Laser Doppler Velocimetery (LDV) is a technique used to measure the instantaneous velocity of a flow field. This technique, like PIV is non-intrusive and can measure all the three velocity components. The laser Doppler velocimeter sends a monochromatic laser beam toward the target and collects the reflected radiation. According to the Doppler effect, the change in wavelength of the reflected radiation is a function of the targeted object's relative velocity. Thus, the velocity of the object can be obtained by measuring the change in wavelength of the reflected laser light, which is done by forming an interference fringe pattern (i.e. superimpose the original and reflected signals).This is the basis for LDV. A flow is seeded with small, neutrally buoyant particles that scatter light. The particles are illuminated by a known frequency of laser light. The scattered light is detected by a photomultiplie tube (PMT), an instrument that generates a current in proportion to absorbed photon energy, and then amplifies that current. The difference between the incident and scattered light frequencies is called the Doppler shift. By analyzing the Doppler-equivalent frequency of the laser light scattered (intensity modulations within the crossed-beam probe volume) by the seeded particles within the flow, the local velocity of the fluid can be determined.
Laser system (Continuous-Wave-CW, single colour for single channel), transmission optics (e.g. Bragg cell, lenses, beam expanders, beam splitter, mirrors, prisms, fibre cable link with laser beam manipulator), receiving optics (e.g. lenses, pinhole, interference filter, photomultiplier), signal processor units (e.g.. fringe-counting, spectral analysis, photon-correlation), traversing mechanism (manual or automated) for transmitting and receiving optics, oscilloscope, seeding generation (solid or liquid vapour) and computer (large capacity hard disk) with a data acquisition board and data handling software. The more compact and easy to handle type of LDV system has fiber transmission and receiving optics.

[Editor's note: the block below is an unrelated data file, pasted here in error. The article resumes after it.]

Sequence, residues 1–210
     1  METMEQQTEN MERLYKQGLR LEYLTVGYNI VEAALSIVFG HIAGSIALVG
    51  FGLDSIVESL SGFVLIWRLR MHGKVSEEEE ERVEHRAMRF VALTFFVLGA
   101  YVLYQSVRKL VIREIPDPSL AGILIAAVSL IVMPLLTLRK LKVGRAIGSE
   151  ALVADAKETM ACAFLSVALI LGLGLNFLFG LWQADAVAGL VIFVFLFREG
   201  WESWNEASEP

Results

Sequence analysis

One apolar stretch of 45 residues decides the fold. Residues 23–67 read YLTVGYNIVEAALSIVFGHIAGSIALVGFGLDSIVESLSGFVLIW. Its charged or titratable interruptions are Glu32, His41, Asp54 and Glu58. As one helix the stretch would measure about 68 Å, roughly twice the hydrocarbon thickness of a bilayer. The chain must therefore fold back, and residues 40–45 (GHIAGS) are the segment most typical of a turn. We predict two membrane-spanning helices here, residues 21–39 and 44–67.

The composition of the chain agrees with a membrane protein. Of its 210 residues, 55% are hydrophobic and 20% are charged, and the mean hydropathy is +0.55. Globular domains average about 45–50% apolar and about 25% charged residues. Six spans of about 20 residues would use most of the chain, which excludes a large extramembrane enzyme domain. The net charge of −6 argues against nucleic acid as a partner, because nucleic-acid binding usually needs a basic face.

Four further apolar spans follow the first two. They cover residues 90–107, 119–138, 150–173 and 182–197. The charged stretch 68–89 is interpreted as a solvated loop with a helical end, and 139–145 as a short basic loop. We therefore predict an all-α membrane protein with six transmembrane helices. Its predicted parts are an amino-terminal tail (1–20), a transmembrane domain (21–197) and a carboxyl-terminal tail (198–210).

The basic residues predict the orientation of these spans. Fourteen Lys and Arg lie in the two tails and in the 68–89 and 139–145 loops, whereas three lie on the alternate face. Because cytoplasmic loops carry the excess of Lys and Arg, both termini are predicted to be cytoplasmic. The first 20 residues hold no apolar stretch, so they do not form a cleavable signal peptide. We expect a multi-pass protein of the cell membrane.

** Non-contacting measurement.
** Very high frequency response.
** Sufficient transparency is required between the laser source, the target surface, and the photodetector (receiver).
** Accuracy is highly dependent on alignment of emitted and reflected beams.
** Expensive; fortunately, prices have dropped as commercial lasers have matured.